What I can access in a 10 minute drive from my suburban location

Following up on an earlier post this week on the desire some Americans have to live within 10 minutes drive from what they need on a daily basis, I briefly catalogued what I could access within ten minutes drive of my suburban residence. Ten minutes does not necessarily get my very far from my house given residential speed limits and the number of stop signs and traffic lights in my way. For most of these locations, I can access them by bicycle in about the same time (though I cannot carry as much).

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Here is a rough count of what is within 10 minutes:

Grocery stores: at least 5

Gas stations: at least 3

Fast food/fast casual restaurants: at least a dozen

Parks: at least 5 community parks, two forest preserves, one linear pathway

Schools: at least 4

Other shopping: one second-tier shopping area at a major intersection, multiple strip malls, lots of car repair and automotive parts places, etc.

Transportation: 1 commuter train station

Almost 10 minutes away (usually more like a 12-15 minute drive away): 1 suburban downtown with a public library, local stores and restaurants, civic buildings; 2 interstates; many more stores/schools/parks; multiple big box retailers

All of this within a residential part of suburbia with medium levels of suburban density. The people around me could walk or bike to many of these locations but many do not since a short drive is convenient and normal. I would guess many residents would say the quick driving access to so many amenities is a contributor to the high quality of life.

Buying and selling real estate in the metaverse

With Facebook pivoting to the metaverse, real estate activity is picking up in this realm:

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In October, Tokens.com, a blockchain technology company focused on NFTs and metaverse real estate, acquired 50 percent of Metaverse Group, one of the world’s first virtual real estate companies, for about $1.7 million. Metaverse Group is based in Toronto but has virtual headquarters in a world called Decentraland in Crypto Valley, which is the metaverse’s answer to Silicon Valley. Decentraland also has districts for gambling, shopping, fashion and the arts.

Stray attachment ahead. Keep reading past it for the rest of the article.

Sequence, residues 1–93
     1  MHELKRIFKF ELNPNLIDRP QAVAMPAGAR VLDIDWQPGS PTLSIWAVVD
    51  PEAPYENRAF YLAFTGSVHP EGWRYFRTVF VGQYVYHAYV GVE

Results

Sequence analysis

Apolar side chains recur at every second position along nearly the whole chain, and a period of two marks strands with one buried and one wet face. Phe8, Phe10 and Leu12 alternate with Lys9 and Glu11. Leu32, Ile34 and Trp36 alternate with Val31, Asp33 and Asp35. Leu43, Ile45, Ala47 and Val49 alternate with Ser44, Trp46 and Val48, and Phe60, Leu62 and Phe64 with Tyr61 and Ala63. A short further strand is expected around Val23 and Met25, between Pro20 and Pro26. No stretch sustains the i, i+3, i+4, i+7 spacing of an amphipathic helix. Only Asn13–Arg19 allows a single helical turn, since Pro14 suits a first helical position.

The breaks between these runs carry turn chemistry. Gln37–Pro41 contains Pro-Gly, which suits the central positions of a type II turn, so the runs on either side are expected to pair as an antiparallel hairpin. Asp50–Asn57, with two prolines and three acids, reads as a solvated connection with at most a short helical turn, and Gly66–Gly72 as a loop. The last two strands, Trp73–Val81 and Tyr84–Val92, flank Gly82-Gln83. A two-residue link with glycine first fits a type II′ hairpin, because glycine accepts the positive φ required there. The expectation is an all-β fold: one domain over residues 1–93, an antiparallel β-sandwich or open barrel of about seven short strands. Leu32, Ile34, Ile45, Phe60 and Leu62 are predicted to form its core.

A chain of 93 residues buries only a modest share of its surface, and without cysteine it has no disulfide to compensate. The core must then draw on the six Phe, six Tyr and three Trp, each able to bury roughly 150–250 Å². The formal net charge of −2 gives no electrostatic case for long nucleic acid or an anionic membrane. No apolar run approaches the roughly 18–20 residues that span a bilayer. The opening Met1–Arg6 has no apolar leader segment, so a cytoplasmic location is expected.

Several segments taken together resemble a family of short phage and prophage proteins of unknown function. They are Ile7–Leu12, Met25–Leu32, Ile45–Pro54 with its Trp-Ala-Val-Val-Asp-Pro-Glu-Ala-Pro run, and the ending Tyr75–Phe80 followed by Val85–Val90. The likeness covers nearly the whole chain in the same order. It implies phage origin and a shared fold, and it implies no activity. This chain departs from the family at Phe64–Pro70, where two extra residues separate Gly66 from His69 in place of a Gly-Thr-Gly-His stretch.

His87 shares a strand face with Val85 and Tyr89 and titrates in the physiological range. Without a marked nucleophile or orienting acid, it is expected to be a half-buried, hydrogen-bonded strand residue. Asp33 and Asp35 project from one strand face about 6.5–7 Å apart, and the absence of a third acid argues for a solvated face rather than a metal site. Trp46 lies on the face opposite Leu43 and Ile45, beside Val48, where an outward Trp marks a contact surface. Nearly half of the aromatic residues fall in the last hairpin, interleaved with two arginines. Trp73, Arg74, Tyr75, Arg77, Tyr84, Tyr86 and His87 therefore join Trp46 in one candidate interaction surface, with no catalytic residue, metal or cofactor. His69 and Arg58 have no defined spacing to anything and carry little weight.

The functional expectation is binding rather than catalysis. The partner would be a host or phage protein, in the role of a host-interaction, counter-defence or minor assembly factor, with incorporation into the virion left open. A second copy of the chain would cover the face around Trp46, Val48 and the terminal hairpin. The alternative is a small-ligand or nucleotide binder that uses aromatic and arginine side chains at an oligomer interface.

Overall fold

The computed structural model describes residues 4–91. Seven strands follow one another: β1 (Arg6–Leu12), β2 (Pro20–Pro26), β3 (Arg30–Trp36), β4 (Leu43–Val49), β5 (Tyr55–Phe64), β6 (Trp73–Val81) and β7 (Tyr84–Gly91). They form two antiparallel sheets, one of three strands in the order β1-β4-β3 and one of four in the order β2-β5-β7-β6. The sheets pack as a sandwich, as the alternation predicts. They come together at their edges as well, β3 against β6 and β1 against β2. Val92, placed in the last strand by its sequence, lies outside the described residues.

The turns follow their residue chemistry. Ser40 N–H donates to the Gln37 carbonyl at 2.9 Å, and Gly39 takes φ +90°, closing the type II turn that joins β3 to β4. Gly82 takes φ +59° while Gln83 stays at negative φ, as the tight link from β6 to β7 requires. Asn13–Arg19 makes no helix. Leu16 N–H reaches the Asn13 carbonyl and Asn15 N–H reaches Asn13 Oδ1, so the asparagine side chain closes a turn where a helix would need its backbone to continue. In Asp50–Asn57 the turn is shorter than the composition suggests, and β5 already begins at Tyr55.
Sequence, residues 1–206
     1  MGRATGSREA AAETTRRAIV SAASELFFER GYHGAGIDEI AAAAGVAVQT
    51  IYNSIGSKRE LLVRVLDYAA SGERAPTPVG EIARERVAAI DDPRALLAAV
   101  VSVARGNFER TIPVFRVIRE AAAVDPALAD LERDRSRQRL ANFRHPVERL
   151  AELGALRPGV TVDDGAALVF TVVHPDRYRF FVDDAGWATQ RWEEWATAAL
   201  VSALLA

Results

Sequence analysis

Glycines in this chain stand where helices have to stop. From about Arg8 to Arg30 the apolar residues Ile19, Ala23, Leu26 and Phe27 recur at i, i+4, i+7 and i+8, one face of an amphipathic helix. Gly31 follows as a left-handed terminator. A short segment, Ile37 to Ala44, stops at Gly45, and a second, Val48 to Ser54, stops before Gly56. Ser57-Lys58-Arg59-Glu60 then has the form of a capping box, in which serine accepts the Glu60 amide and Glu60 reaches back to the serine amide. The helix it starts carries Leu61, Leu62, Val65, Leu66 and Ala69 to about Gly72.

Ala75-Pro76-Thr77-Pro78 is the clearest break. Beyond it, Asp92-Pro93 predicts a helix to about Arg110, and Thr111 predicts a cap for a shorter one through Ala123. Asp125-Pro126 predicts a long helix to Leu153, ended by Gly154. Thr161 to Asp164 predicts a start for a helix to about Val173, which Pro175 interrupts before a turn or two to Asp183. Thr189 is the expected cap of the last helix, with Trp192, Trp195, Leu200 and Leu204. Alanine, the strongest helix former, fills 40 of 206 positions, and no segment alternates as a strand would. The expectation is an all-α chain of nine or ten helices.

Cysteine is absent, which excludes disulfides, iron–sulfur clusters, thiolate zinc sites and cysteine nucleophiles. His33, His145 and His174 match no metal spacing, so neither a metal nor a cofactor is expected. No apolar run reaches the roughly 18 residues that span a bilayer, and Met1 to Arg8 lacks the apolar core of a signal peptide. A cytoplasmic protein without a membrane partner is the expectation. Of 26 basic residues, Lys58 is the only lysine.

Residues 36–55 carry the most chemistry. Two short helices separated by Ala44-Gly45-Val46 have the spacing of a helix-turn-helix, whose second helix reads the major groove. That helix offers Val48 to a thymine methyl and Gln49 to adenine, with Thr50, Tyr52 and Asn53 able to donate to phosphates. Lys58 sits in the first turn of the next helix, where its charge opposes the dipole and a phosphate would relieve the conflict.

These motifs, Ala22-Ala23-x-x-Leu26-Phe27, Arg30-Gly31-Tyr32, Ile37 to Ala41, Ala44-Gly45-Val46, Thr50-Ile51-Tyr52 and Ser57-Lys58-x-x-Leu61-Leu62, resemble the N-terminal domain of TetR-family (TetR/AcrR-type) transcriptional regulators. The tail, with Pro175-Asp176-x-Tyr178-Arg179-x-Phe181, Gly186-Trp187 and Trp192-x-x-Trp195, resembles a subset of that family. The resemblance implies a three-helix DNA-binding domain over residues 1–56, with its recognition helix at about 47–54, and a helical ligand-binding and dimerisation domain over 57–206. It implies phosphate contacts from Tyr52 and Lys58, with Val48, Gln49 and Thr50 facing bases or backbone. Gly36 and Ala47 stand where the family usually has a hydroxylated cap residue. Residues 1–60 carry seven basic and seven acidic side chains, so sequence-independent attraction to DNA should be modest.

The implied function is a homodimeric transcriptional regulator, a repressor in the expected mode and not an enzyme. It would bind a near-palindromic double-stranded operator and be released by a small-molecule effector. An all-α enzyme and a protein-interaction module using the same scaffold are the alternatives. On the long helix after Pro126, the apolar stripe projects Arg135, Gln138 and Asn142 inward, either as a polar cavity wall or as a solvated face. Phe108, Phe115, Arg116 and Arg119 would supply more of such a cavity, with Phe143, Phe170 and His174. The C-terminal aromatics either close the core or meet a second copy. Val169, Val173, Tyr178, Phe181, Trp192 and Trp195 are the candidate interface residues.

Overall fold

“Rather than try to create a universe like Facebook, I said, ‘Why don’t we go in and buy the parcels of land in these metaverses, and then we can become the landlords?” said Andrew Kiguel, a co-founder and the chief executive of Tokens.com…

For those wondering why a company would want to invest in a virtual office in the metaverse, Michael Gord, a co-founder of the Metaverse Group, said that skeptics should look at the trends catalyzed by the pandemic…

The Metaverse Group has a real estate investment trust and it plans to build a portfolio of properties in Decentraland as well as other realms including Somnium Space, Sandbox and Upland. The internet may be infinite, but virtual real estate is not — Decentraland, for example, is 90,000 parcels of land, each roughly 50 feet by 50 feet. Among investors, there’s a sense that there’s gold in those pixelated hills, Mr. Gord said.

Let the artificially-induced-scarcity-fueled-boom begin!

Seriously though, this offers an opportunity to acquire real estate that otherwise might be very difficult to find online or offline. In the offline world, how often do significant new parcels of land or developments come available? If they can be bought, they are not cheap, they probably attract a lot of interest, and there might be restrictions based on what is already there or what is possible on the site. In the online world, it could be difficult to predict where users might show up, how long it could take for sites to develop, and what it all might be worth?

In the meantime, investors and speculators will wait and see what happens. The bet could pay off massively: if the metaverse is successful with a few years or even a decade or two, those who got in early in prime locations with the right offerings could gain a lot. And if the metaverse does not develop in this way or other factors go awry, the money lost will be in a long line of those who hoped for the best with property and nothing materialized.

The real New (Sub)Urbanism in the United States: a 10 minute drive from daily needs

A quote from one family who moved from Chicago to the suburbs highlights what many Americans want in a community:

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“What I expect if I’m paying property taxes and the like is, within a 10-minute drive in my community I should be able to have access to most of what I need. Most, not everything. And that’s what we have here,” he said. “We got what we were looking for in terms of space to raise our family and more of a neighborhood feel.”